Chulalongkorn set to bulldoze historic Chinese-Thai shrine, build condos

Activists protest the demolition of a shrine today in Bangkok’s Pathumwan district. Photo: @Tula / Twitter
Activists protest the demolition of a shrine today in Bangkok’s Pathumwan district. Photo: @Tula / Twitter

Protesters gathered today to mount a last-ditch effort to save a historic shrine in Bangkok’s Samyan area slated for demolition tomorrow to make way for a high-rise condominium building. 

Student activist Netiwit Chotiphatphaisal led a rally against Chulalongkorn University’s destruction of the century-old Tubtim goddess shrine in Soi Chula 9 and eviction of its caretakers to make way for an 1,800-room project.

“There is a family who has looked after this shrine since their great-grandparent’s generation … where will they go?” Netiwit wrote online. “Plus, where will all the festivals be arranged? Isn’t this very action destroying the local community?”

Netiwit, a leading pro-democracy campaigner, has protested many of the elite university’s policies over the years, including its treatment of tenants at some of its sizable land holdings.  

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He said they oppose the move by the university’s property management office because the shrine is an important part of the community’s way of life. In addition to visitors paying respects to their ancestors, it previously hosted Chinese opera performances.

The development project, called Block 33, will cover 150,000sqm and cost THB2.6 billion, according to its designer, Architects 49.

Records indicate the shrine dates back to the reign of King Rama V around 130 years ago, at least. It is well regarded by local Chinese-Thai and was built in the rare Chaozhou Chinese style. The shrine is surrounded by local shops near the Samyan community market and next to a park.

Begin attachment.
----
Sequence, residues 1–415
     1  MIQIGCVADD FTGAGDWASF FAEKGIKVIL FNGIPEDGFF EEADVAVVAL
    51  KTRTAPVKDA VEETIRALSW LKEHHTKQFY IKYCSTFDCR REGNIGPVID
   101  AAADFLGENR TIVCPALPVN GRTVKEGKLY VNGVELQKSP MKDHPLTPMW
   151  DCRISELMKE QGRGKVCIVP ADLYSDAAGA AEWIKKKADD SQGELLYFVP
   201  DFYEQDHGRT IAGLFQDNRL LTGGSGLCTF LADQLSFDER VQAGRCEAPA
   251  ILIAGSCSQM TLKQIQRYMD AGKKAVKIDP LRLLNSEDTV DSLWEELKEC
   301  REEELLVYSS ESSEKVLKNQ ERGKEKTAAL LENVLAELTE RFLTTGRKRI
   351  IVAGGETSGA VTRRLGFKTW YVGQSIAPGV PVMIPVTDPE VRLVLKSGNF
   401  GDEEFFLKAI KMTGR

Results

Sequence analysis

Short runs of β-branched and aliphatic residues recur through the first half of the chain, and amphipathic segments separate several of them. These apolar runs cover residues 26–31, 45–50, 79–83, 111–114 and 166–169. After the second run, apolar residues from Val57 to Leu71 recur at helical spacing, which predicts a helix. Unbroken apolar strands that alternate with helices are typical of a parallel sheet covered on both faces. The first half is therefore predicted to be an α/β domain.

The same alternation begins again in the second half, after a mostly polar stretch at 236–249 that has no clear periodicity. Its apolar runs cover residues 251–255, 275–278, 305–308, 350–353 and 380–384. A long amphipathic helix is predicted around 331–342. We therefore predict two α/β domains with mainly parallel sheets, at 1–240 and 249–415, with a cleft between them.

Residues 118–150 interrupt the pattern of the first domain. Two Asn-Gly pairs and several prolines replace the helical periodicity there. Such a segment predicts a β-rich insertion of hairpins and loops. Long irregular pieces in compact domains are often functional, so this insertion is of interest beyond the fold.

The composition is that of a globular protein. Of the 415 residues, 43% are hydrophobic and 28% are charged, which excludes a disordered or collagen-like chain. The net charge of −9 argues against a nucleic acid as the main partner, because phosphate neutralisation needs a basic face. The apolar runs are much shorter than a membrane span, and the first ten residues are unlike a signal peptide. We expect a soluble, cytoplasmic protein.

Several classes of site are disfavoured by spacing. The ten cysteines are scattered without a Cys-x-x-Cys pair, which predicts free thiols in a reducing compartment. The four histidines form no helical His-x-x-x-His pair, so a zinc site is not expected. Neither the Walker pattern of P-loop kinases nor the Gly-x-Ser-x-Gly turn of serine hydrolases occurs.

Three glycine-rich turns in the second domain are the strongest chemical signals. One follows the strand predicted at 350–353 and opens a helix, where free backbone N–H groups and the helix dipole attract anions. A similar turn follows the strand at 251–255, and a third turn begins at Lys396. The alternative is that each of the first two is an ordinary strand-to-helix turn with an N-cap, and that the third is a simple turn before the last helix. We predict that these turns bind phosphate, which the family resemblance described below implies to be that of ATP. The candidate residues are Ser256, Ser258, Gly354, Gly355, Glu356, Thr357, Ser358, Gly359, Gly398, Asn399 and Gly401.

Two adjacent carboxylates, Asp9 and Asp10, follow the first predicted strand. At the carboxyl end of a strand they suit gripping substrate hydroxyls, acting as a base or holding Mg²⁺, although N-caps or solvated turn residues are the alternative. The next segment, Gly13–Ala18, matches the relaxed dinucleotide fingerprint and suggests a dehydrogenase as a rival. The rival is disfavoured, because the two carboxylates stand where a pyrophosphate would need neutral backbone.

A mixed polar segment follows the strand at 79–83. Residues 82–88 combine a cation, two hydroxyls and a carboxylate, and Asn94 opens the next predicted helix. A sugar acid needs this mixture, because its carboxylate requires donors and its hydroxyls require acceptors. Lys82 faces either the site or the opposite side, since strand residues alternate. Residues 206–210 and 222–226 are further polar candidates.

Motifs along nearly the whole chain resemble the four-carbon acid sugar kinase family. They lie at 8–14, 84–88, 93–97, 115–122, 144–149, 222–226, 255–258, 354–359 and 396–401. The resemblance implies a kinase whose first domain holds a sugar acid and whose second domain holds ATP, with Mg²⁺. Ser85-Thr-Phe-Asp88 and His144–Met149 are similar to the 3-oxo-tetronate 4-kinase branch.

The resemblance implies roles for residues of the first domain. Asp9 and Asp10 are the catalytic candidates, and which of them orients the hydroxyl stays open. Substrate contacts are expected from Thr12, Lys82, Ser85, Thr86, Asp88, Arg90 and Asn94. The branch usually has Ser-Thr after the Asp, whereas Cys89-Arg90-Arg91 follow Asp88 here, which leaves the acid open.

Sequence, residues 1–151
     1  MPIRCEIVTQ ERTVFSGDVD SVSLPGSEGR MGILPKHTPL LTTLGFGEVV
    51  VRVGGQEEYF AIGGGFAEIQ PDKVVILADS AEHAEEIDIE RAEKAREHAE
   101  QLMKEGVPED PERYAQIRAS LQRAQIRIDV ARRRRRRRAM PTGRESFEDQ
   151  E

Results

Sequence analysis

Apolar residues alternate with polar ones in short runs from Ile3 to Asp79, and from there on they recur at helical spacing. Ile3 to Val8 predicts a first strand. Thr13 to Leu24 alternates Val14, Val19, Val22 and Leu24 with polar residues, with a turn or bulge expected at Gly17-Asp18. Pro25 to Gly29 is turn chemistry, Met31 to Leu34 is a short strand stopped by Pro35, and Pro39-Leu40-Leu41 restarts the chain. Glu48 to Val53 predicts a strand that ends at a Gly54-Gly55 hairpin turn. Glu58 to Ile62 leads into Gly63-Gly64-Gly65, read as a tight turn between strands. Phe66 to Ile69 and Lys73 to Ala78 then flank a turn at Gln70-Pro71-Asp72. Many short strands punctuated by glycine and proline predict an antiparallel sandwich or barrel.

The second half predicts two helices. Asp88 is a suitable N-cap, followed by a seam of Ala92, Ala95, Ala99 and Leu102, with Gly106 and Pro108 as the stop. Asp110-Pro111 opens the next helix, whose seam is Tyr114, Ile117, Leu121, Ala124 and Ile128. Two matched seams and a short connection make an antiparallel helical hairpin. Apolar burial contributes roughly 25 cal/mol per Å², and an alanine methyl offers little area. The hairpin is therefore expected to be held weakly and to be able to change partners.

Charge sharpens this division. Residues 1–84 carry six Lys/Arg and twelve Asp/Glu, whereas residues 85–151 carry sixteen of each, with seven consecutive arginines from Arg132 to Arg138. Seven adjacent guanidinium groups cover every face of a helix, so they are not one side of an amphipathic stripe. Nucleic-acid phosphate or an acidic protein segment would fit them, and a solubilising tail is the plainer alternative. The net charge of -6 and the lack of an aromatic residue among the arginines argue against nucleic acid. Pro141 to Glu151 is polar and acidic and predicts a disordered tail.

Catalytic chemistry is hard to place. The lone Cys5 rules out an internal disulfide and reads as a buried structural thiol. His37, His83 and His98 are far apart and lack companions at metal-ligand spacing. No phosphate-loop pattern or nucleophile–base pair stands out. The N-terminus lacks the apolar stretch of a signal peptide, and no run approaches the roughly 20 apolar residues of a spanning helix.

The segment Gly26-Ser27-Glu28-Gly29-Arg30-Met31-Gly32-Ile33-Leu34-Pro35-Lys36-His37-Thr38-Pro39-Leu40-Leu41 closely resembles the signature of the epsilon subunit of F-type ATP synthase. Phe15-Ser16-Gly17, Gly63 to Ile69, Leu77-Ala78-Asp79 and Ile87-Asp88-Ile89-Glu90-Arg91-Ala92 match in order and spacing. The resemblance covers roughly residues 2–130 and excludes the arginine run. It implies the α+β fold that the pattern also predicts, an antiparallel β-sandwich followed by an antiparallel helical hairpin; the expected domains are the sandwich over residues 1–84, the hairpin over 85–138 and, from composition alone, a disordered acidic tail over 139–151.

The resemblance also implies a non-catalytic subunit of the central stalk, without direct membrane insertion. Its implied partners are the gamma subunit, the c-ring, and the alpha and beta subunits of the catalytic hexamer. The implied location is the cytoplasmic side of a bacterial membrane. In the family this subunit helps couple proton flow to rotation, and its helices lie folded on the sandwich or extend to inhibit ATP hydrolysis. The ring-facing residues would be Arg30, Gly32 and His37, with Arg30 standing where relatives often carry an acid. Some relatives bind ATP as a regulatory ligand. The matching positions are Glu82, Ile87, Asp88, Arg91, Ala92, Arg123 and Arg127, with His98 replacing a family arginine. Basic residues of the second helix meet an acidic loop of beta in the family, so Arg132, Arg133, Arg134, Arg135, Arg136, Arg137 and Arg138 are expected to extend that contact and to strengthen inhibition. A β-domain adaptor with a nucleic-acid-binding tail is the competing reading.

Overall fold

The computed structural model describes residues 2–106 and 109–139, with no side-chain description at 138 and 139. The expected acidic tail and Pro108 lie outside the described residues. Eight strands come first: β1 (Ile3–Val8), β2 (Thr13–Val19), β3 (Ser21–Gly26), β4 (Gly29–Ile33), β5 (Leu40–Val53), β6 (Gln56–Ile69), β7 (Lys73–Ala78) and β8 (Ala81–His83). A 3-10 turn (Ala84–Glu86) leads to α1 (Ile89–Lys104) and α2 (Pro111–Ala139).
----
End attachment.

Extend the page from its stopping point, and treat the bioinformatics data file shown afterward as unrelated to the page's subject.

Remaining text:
More than 1,200 people have signed a petition against its removal, and #SaveGoddessTubtimShrine trending today online, where people have been registering their opposition.

On Twitter, @Cincin_aka said the university’s development slogan for what used to be a low-rise community adjacent to its campus was disingenuous.

“‘Samyan the district to create mutual value for the local community and society’ … So to do that, you have to destroy the community first?” Cincin_aka wrote. “Samyan these days isn’t like Samyan anymore. It’s losing its vibe.”

Last year saw the doors open at the sprawling Samyan Mitrtown shopping mall, which was built by Golden Land Property and TCC Assets under a lease granted by the university.

@Cherryjaneint93 said the university was too motivated by greed at the expense of neighborhood residents.

“I don’t understand why they feel the need to get their lands back from communities in Samyan to build commercial buildings like I’m Park and Samyam Mirtown while they already have Chamchuri Square,” they tweeted, referring to another large mall on the edge of campus, located above MRT Sam Yan. “Now they want to build another one to encourage more consumption. Aren’t they rich enough?”

The university does not seem to be backing down. In an online statement addressing the protests Friday, it said the shrine would be rebuilt in the university’s nearby Centenary Park. It promised to preserve its Chinese roots and incorporate objects from the original shrine into the new one. 

It said the new location would benefit residents because it would be located among peaceful trees and have a parking lot and toilets. It said the work would be completed by December.

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